During a meeting with a Russian delegation headed by the Kremlin’s special envoy on Syria, Alexander Lavrentiev, in Damascus on Friday, Assad said efforts must be directed at ending Operation Peace Spring and the pullout of all illegal forces, including the Turkish and American soldiers, from Syrian territories since they are considered occupying forces under international conventions.
The Syrian people are entitled to resistance by all available means, Assad said.
On Thursday, the Syrian leader said Damascus would give an appropriate response to the ground offensive by Turkish soldiers and allied Takfiri militants against Kurdish fighters in the region.
“No matter what false slogans could be made up for the Turkish offensive, it is a flagrant invasion and aggression. Syria has frequently hit (Turkish-backed) proxies and terrorists in more than one place. Syria will respond to the assault and confront it anywhere within the Syrian territory through all legitimate means available,” Assad told the visiting Iraqi National Security Adviser Falih al-Fayyadh in Damascus.
An unnamed source at the Syrian Foreign Ministry on the same day condemned the "treacherous Turkish aggression."
On October 9, Turkish military forces and Ankara-backed militants launched a long-threatened cross-border invasion of northeast Syria in a declared attempt to push Kurdish fighters from the People's Protection Units (YPG) away from border areas.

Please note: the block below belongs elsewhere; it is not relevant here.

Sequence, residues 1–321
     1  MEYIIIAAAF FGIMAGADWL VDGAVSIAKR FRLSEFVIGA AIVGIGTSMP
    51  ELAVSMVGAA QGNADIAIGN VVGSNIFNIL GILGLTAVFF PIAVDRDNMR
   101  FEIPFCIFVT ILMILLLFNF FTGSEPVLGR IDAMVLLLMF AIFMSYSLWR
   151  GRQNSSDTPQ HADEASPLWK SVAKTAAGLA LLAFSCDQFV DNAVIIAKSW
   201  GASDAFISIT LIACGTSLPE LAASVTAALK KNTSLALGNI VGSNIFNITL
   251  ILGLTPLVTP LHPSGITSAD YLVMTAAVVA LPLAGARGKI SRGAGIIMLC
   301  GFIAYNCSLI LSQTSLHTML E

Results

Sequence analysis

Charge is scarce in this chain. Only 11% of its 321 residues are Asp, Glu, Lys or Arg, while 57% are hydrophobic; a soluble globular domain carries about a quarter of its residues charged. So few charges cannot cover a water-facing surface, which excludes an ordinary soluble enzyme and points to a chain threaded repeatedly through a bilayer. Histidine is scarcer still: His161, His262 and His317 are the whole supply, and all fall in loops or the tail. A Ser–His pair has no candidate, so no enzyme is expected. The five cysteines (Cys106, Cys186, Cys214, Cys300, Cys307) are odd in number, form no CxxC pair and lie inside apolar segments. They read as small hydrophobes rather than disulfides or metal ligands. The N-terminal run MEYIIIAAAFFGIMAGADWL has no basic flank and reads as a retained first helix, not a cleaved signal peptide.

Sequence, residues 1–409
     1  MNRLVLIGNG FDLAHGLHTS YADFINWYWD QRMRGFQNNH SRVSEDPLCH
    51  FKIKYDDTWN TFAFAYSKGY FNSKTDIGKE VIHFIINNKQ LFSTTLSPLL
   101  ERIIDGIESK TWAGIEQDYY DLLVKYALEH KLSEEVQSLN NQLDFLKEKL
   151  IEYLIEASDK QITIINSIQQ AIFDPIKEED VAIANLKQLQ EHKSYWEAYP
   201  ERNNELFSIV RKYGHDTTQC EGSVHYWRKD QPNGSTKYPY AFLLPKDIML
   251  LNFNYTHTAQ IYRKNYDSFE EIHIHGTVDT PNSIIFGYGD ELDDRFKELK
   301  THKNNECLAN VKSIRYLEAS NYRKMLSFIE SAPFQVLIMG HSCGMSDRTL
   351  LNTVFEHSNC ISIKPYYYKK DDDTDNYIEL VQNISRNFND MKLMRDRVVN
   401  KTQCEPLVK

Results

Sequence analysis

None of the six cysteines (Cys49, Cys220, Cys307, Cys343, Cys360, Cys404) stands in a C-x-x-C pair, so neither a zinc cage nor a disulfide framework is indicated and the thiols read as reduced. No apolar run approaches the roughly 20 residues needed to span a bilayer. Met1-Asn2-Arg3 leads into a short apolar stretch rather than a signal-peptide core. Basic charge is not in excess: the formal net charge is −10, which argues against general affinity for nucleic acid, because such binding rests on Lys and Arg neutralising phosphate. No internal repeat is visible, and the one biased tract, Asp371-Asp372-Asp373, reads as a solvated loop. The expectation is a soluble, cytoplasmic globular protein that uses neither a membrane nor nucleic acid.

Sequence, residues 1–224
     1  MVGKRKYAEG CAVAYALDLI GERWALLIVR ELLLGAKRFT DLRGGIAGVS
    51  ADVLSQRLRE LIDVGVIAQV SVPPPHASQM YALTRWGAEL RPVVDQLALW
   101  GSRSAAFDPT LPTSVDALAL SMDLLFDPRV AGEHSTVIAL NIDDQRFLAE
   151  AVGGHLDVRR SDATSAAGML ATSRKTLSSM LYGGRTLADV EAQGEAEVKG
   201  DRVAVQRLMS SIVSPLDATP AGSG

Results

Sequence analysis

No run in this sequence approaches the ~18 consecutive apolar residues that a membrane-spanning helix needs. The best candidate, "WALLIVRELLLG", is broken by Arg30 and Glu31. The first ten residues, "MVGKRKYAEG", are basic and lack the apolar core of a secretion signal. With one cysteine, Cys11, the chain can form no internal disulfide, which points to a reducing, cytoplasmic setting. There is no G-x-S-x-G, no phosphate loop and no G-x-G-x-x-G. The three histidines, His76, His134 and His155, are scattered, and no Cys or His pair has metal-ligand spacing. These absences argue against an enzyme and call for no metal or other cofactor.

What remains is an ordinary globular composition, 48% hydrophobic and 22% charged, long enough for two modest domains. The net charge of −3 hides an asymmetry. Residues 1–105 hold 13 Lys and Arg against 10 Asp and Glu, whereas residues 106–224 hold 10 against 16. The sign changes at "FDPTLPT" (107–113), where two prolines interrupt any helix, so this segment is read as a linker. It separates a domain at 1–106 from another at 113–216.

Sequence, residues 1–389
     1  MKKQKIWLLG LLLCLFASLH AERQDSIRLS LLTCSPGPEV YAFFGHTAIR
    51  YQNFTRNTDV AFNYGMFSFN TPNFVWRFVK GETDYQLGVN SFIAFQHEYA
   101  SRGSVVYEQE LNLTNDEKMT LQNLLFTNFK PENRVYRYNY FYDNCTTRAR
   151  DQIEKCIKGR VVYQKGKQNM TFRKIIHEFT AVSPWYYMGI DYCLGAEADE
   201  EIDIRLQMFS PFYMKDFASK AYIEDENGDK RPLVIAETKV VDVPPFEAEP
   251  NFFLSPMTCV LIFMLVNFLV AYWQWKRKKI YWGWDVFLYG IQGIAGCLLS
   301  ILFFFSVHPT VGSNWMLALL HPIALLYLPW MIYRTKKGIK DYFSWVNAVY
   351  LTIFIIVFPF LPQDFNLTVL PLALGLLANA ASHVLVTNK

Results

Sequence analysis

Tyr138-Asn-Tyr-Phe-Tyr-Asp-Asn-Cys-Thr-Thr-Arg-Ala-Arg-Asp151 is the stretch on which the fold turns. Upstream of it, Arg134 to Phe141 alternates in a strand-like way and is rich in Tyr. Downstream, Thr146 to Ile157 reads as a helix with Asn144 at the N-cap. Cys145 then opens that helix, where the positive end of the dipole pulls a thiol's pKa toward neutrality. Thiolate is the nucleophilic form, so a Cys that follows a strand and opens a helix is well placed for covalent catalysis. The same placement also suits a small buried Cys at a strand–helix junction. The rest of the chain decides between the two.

Ankara views the US-backed YPG as a terrorist organization tied to the homegrown Kurdistan Workers' Party (PKK), which has been seeking an autonomous Kurdish region in Turkey since 1984. The YPG constitutes the backbone of the so-called Syrian Democratic Forces (SDF).
The Kurdish-led administration in northeastern Syria says the Turkish offensive has killed 218 civilians, including 18 children, since its outset. The fighting has also wounded more than 650 people.
Turkish authorities say 20 people have been killed in Turkey by bombardment from Syria, including eight people who were killed in a mortar attack on the town of Nusaybin by YPG militants on October 11.
Lavrentiev, for his part, stressed Moscow’s firm support for Syria’s sovereignty and territorial integrity, Press TV reported.
The Kremlin’s special envoy to Syria further noted that Russia rejects any step or action that violates Syria’s sovereignty, further complicates crisis there and negatively affects attempts aimed at settlement of the conflict.
The two senior officials also exchanged viewpoints on preparations for the start of the work of Syria's long-awaited constitutional committee.
They underlined that the most significant factor for the success of the constitutional committee is that its work must be far from foreign interference, and that all parties must respect the composition of the committee, which was formed through inter-Syrian talks.
On September 23, United Nations Secretary General Antonio Guterres said an agreement had been reached between the government of Syria and the so-called the Syrian Negotiation Commission – an umbrella opposition group supported by Saudi Arabia, on “a credible, balanced and inclusive constitutional committee.”
“It will be facilitated by the United Nations in Geneva,” Guterres told reporters, adding that it would be convened in the coming weeks.
Damascus maintains that the constitutional committee should be a purely Syrian affair to be decided by the Syrian people alone without any foreign interference.
In February, the United Nations special envoy for Syria, Geir Pedersen, said that he saw a constitutional committee as “the potential door-opener for the political process.”
Lavrentiev also briefed Assad on the outcome of the recent visits by Russian President Vladimir Putin to Saudi Arabia and the United Arab Emirates.